Second, and most important, we should have a set of standards for whether a plan is doing a good job for its participants. Here's one approach:
Create a benchmark set of investment options. Pick whatever panel of Nobel-prize-winning economists you want to develop this benchmark. I assume what you would get with this suite of options is some sort of approximation of the efficient frontier. Then pick a set of standard investment profiles - young/not-young, aggressive/not-aggressive - and allocate among the benchmark funds based on these profiles and your Nobel-team asset allocation model. From this exercise you get something approximating a benchmark rate of return for the different profiles.
Then apply this benchmark to the plan in two ways. First, rate the plan assuming your abstract profiles were optimized among the choices offered in the plan. That tells you how well a participant could do under the plan.
Second, calculate the actual rate of return for plan participants under the plan and compare that with the performance of the benchmark (taking into account the plan's demographic makeup). I realize that gathering this data would be a huge task. And you would get, at best, only a very rough comparison between the ideal benchmark and the real life of the plan. But only by doing so will we be able to judge the effectiveness of the decisions made by those managing the plan - the investment choices offered and the education provided to participants to assist them in making those choices.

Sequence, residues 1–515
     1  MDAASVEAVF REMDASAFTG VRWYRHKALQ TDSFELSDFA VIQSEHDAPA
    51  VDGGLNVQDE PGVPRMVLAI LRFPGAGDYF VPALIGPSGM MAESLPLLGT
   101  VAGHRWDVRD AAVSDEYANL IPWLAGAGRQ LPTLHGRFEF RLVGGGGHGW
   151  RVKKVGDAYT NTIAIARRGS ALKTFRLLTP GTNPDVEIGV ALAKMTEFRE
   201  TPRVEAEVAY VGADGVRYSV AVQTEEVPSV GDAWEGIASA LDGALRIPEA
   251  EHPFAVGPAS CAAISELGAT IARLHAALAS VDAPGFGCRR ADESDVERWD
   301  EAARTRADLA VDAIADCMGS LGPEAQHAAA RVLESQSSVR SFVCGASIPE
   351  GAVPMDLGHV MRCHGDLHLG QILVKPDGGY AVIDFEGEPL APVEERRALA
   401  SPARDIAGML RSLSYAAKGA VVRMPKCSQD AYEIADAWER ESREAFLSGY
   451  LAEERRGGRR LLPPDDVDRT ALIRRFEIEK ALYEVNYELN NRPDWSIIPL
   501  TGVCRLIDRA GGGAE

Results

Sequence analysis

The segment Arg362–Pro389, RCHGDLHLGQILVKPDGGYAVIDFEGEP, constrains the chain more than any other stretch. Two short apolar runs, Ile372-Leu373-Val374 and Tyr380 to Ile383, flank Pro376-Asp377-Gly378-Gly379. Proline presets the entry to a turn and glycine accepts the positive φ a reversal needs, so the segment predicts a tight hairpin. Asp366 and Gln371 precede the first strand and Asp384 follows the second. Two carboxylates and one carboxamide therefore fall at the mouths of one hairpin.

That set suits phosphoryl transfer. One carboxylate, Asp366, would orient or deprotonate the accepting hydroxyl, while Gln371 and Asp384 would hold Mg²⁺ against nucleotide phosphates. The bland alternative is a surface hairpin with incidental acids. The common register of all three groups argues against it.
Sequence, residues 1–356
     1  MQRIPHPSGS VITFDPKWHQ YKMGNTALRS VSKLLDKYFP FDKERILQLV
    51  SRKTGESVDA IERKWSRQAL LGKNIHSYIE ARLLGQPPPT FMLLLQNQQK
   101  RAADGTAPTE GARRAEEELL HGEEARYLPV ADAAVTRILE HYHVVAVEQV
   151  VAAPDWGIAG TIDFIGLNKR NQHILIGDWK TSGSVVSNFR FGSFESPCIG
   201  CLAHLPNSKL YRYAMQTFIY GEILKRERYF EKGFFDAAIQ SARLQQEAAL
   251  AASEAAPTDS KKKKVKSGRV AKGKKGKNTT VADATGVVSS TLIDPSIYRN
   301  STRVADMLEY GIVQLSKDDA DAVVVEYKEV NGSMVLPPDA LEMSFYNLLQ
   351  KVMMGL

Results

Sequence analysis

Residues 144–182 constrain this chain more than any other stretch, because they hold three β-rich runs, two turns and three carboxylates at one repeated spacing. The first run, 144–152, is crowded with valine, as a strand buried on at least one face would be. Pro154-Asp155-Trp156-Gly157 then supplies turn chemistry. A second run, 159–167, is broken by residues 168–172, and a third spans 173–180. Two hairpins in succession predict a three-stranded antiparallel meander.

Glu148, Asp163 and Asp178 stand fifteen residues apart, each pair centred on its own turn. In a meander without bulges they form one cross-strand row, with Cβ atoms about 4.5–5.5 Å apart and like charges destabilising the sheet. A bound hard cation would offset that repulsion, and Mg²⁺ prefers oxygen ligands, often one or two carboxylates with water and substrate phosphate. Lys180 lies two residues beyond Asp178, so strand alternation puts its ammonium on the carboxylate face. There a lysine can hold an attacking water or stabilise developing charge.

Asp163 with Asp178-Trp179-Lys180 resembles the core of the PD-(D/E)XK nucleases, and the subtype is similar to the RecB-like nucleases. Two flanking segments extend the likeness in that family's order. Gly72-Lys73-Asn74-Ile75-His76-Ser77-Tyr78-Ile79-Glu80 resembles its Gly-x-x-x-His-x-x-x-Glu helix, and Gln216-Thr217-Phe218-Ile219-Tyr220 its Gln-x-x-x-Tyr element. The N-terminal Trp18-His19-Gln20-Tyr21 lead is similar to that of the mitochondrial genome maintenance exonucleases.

By scoring plans this way you find out two very important things: whether it is possible for plan participants to get a reasonable rate of return, and what kind of return participants are actually getting. If this method is too difficult to implement, how about starting with something simple - have each plan provide three pieces of data: average return, average risk and average cost.
Employers are capable of adding incredible value to the management of 401(k) plan assets, by bundling participants' investment buying power, shaping a plan to fit employees' needs, providing expertise in the selection and monitoring of its options, and assisting participants in making asset allocation decisions. But we have to introduce some kind of discipline to this process - otherwise, employers, with the best of intentions, have no idea whether they are doing a good job or not. This means we must provide some kind of basis for making apples-to-apples comparisons. Finally, while I would very much like to be wrong about this, I think that some sort of legislation will be necessary in obtaining the sort of data we need to make these comparisons - I think of it as a 10-K for the plan.
I offer these suggestions as a first step. Before we can talk about who should serve on a joint board of trustees, before we can talk about what standards should be required of fiduciaries serving on DC fiduciary committees, we must have some established, objective measure of what a well-managed DC plan is.
Michael P. Barry is president of Plan Advisory Services Group, Chicago.